1. So, do you fancy them? If you don't there's no point. Oh, you don't know how to tell if you fancy them? Well, how are your palms? Hairy? Ah ha ha. No, the more relaxed you are the dryer your skin is and so the higher the skin's electrical resistance, when you're stressed (or excited) your hand sweats and the resistance goes down. Go on, build a Galvanic Skin Response Sensor and work it out. Or, if you're not sure you're in a social situation in which lie-detectors may be whipped out without causing offence, merely pay attention to your physiology for a moment. If someone you fancy pays attention to you you'll have sweaty palms, a raised pulse, fast breathing, and your face will feel hot and may look flushed. Does being with them turn you on?
  2. So, do you like them? Listen when they talk, pay attention. Does their company make you happy, do you like listening to them talk, does having them along make most things more fun, or at least less bad? Do you want to know what they think about stuff? Are their mistaken opinions still interesting?
  3. Only go for equals (or betters). Not necessarily people the world defines as your equals but people you treat as equals. This might not be about IQ, age, or experience, but it might. Watch your behaviour. Are you doing stuff to them that would feel patronising and annoying if they did it to you? (For example: those mistaken opinions, are they interesting or do you just want to fix them?) If you're being patronising you aren't treating them as an equal or better. Oh, and if you're an adult only go for adults. What's an adult? Oh, y'know, someone who's an equal. (If you think you're considering going for a better it's nice if they think you're a better too.)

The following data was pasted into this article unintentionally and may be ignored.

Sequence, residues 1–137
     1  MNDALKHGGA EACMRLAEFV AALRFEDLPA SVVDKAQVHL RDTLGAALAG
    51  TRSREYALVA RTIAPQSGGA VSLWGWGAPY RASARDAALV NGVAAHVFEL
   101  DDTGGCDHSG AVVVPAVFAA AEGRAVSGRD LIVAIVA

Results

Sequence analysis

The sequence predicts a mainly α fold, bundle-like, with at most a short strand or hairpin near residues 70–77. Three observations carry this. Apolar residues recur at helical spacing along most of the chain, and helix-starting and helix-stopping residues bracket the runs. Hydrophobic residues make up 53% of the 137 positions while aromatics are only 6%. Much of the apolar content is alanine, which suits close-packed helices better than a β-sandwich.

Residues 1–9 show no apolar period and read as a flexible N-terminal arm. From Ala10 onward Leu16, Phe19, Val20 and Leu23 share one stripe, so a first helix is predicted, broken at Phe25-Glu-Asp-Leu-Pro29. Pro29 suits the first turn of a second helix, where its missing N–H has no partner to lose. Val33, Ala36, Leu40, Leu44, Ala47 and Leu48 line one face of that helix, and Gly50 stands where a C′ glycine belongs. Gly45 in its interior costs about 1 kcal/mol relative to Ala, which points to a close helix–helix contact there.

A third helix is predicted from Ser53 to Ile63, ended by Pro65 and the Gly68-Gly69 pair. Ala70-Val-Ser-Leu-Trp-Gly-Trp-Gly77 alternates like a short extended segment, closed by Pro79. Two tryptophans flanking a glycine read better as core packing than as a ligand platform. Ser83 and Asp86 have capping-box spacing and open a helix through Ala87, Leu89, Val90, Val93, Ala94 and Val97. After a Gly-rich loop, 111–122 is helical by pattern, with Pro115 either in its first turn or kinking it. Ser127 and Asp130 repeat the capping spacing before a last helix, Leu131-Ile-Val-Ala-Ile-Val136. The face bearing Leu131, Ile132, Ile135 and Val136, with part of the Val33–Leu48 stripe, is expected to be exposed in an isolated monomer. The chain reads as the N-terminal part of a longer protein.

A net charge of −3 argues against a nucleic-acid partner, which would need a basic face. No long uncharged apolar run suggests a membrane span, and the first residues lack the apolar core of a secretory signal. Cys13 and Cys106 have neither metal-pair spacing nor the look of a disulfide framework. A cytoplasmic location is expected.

4. It is up to you to decide or notice whether you want the other person. Let them decide whether they want you. Yes, let the other person make their own decisions! It's respectful and a sign of equality. Of course you, being a geek, are good at analysing situations dispassionately and can make a recommendation about your abilities and desirability as a partner but it's only fair to let them have the fun of the choice. Besides they might be wanting something out of the ordinary that you hadn't factored in. Maybe they are weighting stuff differently than you. If you're thinking "I don't think that person should want me," you're making a choice for them not for you, probably out of cowardice (yes, fear of rejection is a form of cowardice, face it).
  5. Yeah, fear of rejection, and fair enough. Rejection is scary, it can make you feel like an earthworm caught out on a sunny day, and if you do go for the other person rejection is a real possibility. Fancying someone, liking them, and treating them as an equal doesn't enforce reciprocity; and even if they do fancy you, like you, and think you're an equal they might decide against going for you for strange reasons of their own. You may have to suck it up and get over them.


Thursday, April 05, 2007

So are they all, all reasonable parents.

Summary Offences Act 1981
Offences Against Persons or Property
[10B Leaving child without reasonable supervision and care

[10BLeaving child without reasonable supervision and care

Every person is liable to a fine not exceeding [[$2,000]] who, being a parent or guardian or a person for the time being having the care of a child under the age of 14 years, leaves that child, without making reasonable provision for the supervision and care of the child, for a time that is unreasonable or under conditions that are unreasonable having regard to all the circumstances.]